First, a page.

Here’s the interesting part about Stastny. Despite the fact that he has struggled over the past three seasons, Stastny has only once finished outside of the top three in scoring on the Colorado Avalanche throughout his career. The one season that he did miss it, he missed close to half of the season with an injury but still had tallied 36 points in 45 games. So yes, there is no doubt that Paul Stastny has struggled to put up numbers that would warrant a $6.6 million a year contract; but, at the same time, he has always been one of the top players on his team in scoring, which is exactly what you would want out of a player making $6.6 million a year. So, the dilemma that now arises with Paul Stastny is this. Now that he is playing well again, and is in the last year of his contract, what do the Avalanche do with him?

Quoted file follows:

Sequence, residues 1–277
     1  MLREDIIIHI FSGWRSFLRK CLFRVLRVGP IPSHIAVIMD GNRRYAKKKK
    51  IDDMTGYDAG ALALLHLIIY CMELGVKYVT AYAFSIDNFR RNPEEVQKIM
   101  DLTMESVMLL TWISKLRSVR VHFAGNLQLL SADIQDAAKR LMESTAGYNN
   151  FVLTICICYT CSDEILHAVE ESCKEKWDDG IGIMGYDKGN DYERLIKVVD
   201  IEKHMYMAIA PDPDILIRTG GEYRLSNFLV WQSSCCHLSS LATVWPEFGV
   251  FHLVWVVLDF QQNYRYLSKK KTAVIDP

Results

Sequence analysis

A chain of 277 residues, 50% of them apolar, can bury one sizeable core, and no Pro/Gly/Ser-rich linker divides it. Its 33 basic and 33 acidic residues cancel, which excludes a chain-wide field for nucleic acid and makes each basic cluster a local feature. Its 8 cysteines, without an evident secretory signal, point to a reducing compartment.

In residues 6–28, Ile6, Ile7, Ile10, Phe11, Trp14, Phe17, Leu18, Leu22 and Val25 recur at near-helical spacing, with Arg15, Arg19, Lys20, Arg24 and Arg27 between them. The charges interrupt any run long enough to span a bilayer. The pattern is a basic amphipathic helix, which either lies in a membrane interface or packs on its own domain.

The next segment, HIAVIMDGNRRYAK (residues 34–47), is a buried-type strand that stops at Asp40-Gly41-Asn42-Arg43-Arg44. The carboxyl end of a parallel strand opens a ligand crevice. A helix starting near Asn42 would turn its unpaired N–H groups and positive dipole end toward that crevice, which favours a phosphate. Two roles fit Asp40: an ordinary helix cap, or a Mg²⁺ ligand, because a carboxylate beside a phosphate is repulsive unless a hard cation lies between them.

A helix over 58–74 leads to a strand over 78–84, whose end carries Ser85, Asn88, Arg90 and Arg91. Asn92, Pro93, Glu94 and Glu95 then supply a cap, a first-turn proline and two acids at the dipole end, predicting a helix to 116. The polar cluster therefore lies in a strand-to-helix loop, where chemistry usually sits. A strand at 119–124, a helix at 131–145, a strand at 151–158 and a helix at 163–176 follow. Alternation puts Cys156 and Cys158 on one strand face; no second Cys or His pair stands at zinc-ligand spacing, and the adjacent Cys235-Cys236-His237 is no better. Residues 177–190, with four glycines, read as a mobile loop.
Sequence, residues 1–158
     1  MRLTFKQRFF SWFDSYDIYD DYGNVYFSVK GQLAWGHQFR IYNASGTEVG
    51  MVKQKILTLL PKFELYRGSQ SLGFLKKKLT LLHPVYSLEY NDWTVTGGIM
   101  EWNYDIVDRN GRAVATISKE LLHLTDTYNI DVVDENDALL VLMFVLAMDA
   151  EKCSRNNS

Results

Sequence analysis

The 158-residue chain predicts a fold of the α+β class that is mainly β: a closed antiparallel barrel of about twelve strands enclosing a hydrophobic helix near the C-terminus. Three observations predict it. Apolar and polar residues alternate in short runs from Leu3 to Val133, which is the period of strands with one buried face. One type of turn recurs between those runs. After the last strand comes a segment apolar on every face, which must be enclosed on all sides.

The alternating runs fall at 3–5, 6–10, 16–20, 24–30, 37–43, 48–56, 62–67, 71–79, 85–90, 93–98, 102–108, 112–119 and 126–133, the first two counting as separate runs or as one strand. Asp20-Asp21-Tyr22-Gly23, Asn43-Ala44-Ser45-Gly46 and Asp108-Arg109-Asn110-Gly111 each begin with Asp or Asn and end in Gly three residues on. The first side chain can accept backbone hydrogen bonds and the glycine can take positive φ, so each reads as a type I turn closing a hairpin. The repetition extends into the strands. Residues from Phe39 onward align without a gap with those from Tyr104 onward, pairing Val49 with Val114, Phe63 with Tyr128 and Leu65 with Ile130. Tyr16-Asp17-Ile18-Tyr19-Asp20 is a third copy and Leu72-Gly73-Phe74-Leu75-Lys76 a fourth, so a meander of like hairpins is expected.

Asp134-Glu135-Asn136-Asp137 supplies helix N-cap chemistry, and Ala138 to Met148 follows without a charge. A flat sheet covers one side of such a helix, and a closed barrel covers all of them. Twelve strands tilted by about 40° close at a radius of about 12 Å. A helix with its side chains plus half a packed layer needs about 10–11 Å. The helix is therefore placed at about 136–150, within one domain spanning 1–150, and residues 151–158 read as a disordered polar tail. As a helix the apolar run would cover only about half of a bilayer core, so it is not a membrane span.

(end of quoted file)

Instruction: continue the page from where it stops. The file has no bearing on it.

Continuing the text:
Sign Stastny to an Extension

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Paul Stastny had a bit of a slow start to the season but has really picked things up lately. 21 games into the season, Stastny has 8 goals and 9 assists, this is second on the team in points just three points behind team scoring leader, Matt Duchene. His 8 goals are also third on the team, just behind Duchene and Ryan O’Reilly, so it seems that Paul Stastny’s bounce back season is off to a very good start. If this play continues from Stastny, then it should make the Avalanche very confident in trying to sign him to another long extension, something that Patrick Roy and Joe Sakic have already shown they are willing to do.